by James Hubbard, M.D., M.P.H.

Your camping friend went for firewood and hasn’t come back. You find her at the bottom of a steep ditch. She’s lying there groaning and has a big scrape on her forehead. You’ve read my post on when to suspect a broken neck or back and run back to get your rigid cervical collar. Wait. You left it at home? You better read on, and watch my video to boot.

Knowing when and how to immobilize the neck and back, make a neck brace, and move the person without moving the spine can make the difference between paralysis and a normal recovery.

Here are some tips on how to make a neck brace:

  • The neck brace must be firm. By itself, a soft cervical collar’s not going to work. The neck can move too much. The SAM splint I mentioned in my post and video on how to make a splint is a good choice. Of course, a commercial rigid neck brace is ideal. If nothing else, wrap clothing, a jacket, or a sleeping bag around the neck. Hold it in place with an elastic bandage, or a belt maybe.
  • The neck brace must fit. It obviously can’t be too tight, but it can’t be too loose either. The brace must start at the upper chest and support the chin. It must fit so that the chin can’t move up or down and the head can’t twist or tilt from side to side.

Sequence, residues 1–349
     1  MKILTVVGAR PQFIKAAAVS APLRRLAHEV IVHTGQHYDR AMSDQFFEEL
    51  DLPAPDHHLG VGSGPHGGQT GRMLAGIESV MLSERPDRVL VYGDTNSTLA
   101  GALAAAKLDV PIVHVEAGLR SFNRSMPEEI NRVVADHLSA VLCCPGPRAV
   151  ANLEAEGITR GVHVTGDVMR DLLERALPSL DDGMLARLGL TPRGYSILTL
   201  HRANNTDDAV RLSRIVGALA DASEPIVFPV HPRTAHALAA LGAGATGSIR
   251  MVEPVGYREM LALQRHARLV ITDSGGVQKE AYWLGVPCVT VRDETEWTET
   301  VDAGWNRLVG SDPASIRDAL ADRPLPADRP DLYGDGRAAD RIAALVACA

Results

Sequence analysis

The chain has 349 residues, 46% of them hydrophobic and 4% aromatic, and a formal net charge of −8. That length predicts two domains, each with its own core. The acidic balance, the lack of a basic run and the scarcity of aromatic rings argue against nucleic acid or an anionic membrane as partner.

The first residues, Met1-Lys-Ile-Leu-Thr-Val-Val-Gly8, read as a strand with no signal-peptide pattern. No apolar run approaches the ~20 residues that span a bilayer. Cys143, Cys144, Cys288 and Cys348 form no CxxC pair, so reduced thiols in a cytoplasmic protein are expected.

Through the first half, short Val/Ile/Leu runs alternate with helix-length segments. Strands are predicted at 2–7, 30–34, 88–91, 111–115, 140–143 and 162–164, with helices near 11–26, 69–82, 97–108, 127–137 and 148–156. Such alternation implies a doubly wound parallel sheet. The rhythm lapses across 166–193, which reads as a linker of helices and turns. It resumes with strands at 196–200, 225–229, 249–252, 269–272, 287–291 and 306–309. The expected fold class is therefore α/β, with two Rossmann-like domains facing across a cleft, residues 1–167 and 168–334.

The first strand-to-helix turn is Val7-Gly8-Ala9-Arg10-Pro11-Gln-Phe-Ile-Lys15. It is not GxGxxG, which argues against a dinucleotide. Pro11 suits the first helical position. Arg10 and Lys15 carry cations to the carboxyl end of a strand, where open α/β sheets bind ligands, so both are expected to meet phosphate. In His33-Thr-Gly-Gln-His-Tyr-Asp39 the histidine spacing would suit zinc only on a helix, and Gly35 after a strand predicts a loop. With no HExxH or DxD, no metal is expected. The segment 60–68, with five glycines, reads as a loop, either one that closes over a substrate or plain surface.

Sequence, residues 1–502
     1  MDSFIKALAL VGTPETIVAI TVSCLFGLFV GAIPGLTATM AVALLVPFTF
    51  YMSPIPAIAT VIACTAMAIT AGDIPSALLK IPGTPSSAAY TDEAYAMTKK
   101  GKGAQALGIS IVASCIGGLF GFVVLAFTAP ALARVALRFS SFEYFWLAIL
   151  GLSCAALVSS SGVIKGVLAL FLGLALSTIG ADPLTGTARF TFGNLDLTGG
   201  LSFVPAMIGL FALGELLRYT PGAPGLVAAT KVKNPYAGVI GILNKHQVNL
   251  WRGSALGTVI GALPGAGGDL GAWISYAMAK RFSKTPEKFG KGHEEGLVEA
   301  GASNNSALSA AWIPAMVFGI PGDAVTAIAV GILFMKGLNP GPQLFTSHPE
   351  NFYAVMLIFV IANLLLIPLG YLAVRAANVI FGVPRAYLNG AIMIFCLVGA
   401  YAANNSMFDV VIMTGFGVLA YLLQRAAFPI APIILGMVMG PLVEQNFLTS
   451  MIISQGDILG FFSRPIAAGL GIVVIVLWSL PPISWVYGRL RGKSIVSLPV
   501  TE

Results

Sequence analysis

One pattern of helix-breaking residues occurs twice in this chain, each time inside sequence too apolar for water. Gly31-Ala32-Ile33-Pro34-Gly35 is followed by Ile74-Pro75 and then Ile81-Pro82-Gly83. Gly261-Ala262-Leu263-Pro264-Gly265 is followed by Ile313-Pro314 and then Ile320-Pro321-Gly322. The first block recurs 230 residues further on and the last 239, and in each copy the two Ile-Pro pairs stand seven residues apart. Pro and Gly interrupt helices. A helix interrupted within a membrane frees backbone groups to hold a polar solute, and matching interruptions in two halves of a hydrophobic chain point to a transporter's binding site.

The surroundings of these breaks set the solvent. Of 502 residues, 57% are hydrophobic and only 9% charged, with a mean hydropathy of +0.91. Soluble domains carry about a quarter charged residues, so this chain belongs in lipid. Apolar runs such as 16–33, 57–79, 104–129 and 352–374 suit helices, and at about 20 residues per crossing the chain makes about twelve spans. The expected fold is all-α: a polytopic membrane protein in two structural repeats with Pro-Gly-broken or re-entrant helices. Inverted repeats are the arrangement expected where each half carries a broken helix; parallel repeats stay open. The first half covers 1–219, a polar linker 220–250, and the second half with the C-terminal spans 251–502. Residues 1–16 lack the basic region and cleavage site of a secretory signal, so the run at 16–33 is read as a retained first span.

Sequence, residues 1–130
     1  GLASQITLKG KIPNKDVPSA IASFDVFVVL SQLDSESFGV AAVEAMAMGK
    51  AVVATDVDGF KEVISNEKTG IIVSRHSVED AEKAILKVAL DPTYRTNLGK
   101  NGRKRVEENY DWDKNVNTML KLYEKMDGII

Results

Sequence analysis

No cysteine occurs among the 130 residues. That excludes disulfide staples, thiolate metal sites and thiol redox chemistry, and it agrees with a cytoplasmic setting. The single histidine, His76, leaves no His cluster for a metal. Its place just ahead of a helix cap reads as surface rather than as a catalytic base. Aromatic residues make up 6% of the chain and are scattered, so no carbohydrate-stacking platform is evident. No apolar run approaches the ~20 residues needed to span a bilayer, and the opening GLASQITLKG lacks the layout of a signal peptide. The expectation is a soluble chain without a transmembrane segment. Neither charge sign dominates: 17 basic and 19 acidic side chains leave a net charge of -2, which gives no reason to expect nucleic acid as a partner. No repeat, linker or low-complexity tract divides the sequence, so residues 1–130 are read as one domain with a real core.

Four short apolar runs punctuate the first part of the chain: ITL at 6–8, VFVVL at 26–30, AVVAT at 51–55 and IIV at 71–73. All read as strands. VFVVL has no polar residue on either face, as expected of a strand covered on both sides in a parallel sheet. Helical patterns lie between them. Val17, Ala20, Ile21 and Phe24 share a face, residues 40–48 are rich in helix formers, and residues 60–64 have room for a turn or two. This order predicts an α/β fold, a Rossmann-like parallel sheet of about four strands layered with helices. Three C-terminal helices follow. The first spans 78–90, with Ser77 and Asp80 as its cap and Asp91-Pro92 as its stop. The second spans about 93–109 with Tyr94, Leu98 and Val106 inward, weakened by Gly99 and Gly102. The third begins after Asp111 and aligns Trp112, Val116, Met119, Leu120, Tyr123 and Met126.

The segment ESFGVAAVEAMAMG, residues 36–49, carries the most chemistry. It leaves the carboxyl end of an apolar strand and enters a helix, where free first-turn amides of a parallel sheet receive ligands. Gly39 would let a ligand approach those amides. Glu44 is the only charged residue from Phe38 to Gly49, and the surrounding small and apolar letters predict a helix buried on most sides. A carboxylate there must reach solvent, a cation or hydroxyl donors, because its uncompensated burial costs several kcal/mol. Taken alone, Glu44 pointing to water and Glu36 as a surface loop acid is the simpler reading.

• It must have smooth enough edges so that it won’t cut into the skin. You could use tin or some sort of malleable metal, but be sure to bend or pad the sharp edges.
  • The brace must keep the head in a neutral position, as if the person were standing with good posture and looking straight ahead.

Make sure the airway’s open in someone not fully alert. The person likely will be on their back, and the back of the tongue is likely to relax and block the airway. You can open the airway by doing any one of these three things:

  • Using a commercial plastic airway device.
  • Placing the fingers of both of your hands at the person’s jaw just below the ears and jutting the jaw forward (being careful not to move the neck).
  • As a last resort, taking a piece of cloth, grabbing the tongue, and pulling. Safety pin the tongue to the lower lip. Yes, it’s barbaric, but it could save a life.

To open the airway in someone without a neck injury, you could hyperextend the neck (tilt the head backward) or move them on their side.  With a possible neck injury you can still move them on their side, but it must be very carefully.

With or without a brace (hopefully with one), you must move the whole body in one plane. This works better the more help you have. One holds the head, another the shoulders, another the hips, and another the feet. Move everything as one, as if the person already had a board underneath. In fact, do put a backboard under them as soon as you can.

Having the person on their side can shift the tongue enough not to block the airway and is also a good position in case they vomit (not uncommon). You can help keep them their side by stuffing soft material behind their legs, hips, back, shoulders, neck, and head, and firmly tying these body parts and the stuffing to a backboard.